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Employment Discrimination
University of Pennsylvania School of Law
Mayeri, Serena

Approaches to Anti-Discrimination:
·        Anti-differentiation
o       A/k/a “formal equality “colorblindedness”
o       Harm inherent in differentiating between individuals based solely on status/group membership;/identiy
o       Focuses on individual, rather than group
o       Tends to be forward-looking—Past is irrelevant to determining what is fair today
o       STRENGTHS: 
§         meritocracy, gets rid of discrimination that has no relationship a person’s ability to perform the job
§         Recognizes individuality, that members don’t necessarily represent their group
§         Avoids perpetuating idea notions of inferiority of certain groups, by not assuming that certain groups need incorporation
§         Ignores existence of unequal playing field that was created in the past
§         Difficult to implementà unconscious bias
§         Ignores positive value of group identites
§         Falsely assumes objectivity of meritocracy
§         May create illusion of objectivity/non-differentiation; hide unintentional differentiation
§         Must be implemented slowly, which might continue to perpetuate stereotypes
§         Difficulties of identifying groups that are disadvantaged without taking into account their group status
·        Anti-Subordination
o       A/k/a “anti-caste”
o       Tries to prevent or rectify the subordination of one group to another
o       Emphasis on groups, though also concerned with individuals
o       Take group status into account for the purpose of eradicating subordination
o       Tends to backward-looking: past is relevant to what should be done now
o       STRENGTHS:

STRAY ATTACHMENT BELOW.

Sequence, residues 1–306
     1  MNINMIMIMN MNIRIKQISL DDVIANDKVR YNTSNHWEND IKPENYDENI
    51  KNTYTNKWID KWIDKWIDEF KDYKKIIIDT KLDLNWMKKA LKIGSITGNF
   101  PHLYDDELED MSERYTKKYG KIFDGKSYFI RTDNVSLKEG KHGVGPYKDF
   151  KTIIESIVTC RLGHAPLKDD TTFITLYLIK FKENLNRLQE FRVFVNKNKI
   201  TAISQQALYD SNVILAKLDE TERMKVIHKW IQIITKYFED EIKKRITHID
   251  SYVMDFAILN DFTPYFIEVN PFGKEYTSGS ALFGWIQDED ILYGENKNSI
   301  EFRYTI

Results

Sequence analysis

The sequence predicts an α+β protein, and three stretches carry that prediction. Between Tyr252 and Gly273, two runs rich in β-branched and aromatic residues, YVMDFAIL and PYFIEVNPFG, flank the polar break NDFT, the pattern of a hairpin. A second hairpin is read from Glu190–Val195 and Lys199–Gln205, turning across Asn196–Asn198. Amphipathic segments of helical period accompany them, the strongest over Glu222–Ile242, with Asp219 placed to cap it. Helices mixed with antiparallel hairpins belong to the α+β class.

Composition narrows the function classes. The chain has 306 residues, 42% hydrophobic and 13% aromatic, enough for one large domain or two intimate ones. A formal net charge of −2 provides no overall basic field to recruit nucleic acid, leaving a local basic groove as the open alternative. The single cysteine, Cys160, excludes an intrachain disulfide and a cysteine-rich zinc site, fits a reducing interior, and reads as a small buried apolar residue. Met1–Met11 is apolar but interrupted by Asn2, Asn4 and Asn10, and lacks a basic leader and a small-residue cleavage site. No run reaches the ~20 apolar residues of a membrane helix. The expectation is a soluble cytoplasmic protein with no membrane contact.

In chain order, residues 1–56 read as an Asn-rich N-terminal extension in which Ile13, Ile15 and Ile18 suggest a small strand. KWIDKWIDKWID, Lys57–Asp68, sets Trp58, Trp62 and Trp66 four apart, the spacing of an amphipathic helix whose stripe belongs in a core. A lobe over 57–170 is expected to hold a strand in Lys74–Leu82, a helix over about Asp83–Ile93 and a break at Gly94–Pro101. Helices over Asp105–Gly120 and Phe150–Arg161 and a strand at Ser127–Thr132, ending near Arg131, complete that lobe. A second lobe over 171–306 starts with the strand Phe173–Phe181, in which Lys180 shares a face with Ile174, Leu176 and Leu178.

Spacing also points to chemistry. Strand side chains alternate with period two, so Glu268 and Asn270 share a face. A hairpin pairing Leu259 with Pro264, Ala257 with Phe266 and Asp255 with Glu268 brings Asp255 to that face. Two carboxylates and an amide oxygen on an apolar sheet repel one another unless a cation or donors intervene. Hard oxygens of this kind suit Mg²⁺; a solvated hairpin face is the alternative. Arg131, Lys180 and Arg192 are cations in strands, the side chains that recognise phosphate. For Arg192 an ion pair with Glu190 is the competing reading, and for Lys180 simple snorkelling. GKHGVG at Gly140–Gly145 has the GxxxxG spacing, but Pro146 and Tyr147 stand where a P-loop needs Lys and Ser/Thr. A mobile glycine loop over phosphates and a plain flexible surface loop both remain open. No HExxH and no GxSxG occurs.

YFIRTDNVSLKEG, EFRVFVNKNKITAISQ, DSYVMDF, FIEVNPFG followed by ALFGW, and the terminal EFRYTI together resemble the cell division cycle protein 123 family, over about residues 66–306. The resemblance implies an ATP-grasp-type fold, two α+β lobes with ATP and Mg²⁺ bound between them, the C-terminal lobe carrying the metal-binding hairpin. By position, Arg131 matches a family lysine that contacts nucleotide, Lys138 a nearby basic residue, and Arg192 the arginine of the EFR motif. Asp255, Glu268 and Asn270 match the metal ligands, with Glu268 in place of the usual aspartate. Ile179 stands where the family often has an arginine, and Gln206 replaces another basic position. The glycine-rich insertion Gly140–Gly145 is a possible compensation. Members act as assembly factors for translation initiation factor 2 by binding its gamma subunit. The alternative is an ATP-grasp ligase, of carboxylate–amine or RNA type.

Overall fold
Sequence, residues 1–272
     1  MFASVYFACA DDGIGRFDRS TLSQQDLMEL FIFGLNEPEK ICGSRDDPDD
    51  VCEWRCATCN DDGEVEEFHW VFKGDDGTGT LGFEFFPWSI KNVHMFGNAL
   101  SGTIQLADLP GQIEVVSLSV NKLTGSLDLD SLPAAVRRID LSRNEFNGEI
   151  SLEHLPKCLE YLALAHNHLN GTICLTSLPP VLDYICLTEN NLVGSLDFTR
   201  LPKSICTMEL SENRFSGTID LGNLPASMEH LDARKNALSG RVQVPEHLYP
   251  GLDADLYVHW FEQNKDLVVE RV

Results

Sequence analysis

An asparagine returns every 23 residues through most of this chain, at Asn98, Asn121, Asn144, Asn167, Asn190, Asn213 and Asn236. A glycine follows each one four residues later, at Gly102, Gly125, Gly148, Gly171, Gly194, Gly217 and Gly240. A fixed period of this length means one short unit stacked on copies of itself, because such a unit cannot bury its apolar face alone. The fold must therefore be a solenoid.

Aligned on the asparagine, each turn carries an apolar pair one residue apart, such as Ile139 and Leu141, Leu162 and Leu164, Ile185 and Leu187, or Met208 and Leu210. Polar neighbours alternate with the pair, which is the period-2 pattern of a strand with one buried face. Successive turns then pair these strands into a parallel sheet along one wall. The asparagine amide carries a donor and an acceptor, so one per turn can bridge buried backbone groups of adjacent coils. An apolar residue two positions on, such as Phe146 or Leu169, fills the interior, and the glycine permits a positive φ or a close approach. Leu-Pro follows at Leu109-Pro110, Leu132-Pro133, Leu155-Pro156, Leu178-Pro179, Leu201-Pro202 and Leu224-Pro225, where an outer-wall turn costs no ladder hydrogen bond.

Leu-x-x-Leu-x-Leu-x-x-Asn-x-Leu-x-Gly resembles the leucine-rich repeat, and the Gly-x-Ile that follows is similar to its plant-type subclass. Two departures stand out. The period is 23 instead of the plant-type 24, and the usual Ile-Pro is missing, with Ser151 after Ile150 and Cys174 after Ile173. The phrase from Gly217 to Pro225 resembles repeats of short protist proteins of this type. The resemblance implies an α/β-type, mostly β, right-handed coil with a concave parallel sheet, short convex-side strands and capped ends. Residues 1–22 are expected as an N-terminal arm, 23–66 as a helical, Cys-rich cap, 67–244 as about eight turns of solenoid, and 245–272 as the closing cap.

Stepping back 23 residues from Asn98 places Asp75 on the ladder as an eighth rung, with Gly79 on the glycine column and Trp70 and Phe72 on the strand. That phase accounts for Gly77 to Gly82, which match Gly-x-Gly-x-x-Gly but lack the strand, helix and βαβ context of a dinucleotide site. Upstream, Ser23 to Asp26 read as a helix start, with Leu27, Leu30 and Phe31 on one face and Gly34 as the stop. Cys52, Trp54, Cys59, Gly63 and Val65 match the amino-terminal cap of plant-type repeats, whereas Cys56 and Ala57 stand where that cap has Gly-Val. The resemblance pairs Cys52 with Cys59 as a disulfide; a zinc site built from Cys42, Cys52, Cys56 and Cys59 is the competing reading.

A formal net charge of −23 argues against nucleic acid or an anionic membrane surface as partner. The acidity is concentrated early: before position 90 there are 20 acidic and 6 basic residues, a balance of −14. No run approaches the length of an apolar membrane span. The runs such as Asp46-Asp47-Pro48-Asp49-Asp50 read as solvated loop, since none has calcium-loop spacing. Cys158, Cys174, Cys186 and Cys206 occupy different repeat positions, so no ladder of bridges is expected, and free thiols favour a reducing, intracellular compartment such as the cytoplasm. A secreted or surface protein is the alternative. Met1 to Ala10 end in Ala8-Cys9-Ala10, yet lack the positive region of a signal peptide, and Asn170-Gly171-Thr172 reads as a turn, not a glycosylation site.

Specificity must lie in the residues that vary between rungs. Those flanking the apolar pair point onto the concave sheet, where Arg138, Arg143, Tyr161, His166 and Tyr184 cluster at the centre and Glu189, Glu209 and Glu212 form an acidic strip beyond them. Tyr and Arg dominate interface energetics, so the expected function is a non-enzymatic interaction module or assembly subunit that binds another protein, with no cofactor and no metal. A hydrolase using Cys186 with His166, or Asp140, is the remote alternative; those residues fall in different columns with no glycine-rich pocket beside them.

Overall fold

§         Recognizes unequal playing field of the past and its potential effects in the present
§         More expeditious method of achieving change
§         Compensation for past discrimination; dignitary benefit of rectifying past harm
§         Side benefit for increasing diversity
§         Highlights the barriers between groups
§         Places individuals

to create a diverse environment for its own sake
o       Could be focused on group representation or could take into account individual characteristics
o       Forward-looking, though may look backward to determine the meaning of diversity
o       STRENGTHS:
§         Breakdown stereotypes by increasing exposure among different groups
§         Recognizes strengths in all groups; affirms identities of different individuals
§         Focuses on positive aspects of differences rather than suggesting that particular groups need special treatment
§         Idea that diversity of backgrounds leads to innovation, new ideas
§         Lack of consensus about what diversity actually is.
§         Diversity doesn’t mean equality; disparities of power may persist
Representation expectations-causing individual discomfort